The Continuity of Scripture and Eschatology: Key Hermeneutical Issues -- By: David L. Turner

Journal: Grace Theological Journal
Volume: GTJ 06:2 (Fall 1985)
Article: The Continuity of Scripture and Eschatology: Key Hermeneutical Issues
Author: David L. Turner

The Continuity of Scripture and Eschatology:
Key Hermeneutical Issues

David L. Turner

Heated polemical debates over eschatology among evangelicals are deplorable. Covenant theologians are not necessarilyallegorizers, and neither are dispensationalists necessarilyhyperliteralists.” The NT use of the OT and the complex nature of the present and future aspects of Gods kingdom are crucial topics for future discussion. Such future discussion should focus upon the exegesis of key OT and NT texts, not upon vague or abstract hermeneutical issues.

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Research in the current evangelical literature dealing with eschatology reveals about forty recurring issues in the argumentation. Logic, exegesis, and a brotherly spirit are sometimes lacking in this debate, and often the focus is on peripheral rather than central issues.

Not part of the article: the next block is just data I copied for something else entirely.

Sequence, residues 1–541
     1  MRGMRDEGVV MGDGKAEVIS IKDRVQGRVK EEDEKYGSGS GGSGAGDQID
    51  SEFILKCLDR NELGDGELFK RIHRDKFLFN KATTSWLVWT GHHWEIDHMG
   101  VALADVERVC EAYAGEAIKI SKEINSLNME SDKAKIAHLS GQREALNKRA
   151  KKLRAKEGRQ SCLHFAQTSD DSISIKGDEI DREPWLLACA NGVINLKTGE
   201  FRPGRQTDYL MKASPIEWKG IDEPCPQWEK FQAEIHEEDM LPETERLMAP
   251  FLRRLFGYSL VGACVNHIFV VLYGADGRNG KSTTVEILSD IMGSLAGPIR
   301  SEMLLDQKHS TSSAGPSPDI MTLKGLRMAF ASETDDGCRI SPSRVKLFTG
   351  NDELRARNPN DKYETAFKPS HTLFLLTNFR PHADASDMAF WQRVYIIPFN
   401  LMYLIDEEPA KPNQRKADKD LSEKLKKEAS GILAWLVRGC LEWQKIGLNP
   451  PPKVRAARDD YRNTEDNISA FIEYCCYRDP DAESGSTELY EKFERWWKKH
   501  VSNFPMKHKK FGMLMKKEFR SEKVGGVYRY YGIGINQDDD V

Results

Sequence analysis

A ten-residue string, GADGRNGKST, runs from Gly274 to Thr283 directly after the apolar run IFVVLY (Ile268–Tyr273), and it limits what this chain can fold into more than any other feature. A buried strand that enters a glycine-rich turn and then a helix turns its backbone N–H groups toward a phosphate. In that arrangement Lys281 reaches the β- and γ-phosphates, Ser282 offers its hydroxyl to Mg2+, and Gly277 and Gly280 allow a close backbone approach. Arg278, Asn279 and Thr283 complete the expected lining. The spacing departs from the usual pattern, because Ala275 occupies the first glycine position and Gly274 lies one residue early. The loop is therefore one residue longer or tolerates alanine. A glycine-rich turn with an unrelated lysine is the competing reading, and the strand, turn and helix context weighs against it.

This study has isolated three issues which are believed to be central. These issues are (1) the practice (not theory) of literal hermeneutics, (2) the NT use of the OT, and (3) the present and future aspects of the kingdom. And beneath all three lies an even more basic one: the continuity of Scripture in progressive revelation. This study is offered in order to focus further debate upon the central issues and to encourage a courteous spirit among evangelicals who enter the debate.

The Continuity of Scripture and Literal Hermeneutics

Valid and Invalid Approaches

Writers of various eschatological stripes have commonly expressed the view that differences in eschatological systems arise “primarily out of the distinctive method employed by each in the interpretation of

Scripture.”1 Though there is a degree of truth in such a statement, it is simplistic. One’s consistency in taking biblical language literally will have an obvious influence upon one’s theology, but the reverse is also true—one’s theology will have an obvious influence upon his hermeneutics. It is mistaken to speak of either a “literal” or a “spiritualizing” hermeneutic as a purely inductive, overall approach to Scripture. To speak in such generalities obscures the real issue: the interpretation of specific biblical passages. Any study of Scripture involves a certain degree of exegetical, theological, and hermeneutical preunderstanding. Even the cultural and historical circumstances of the interpreter tend to sway his understanding of Scripture, as Gundry has appropriately warned: “We as Christian exegetes and theologians are susceptible to influences from the moods and conditions of our times, and es...

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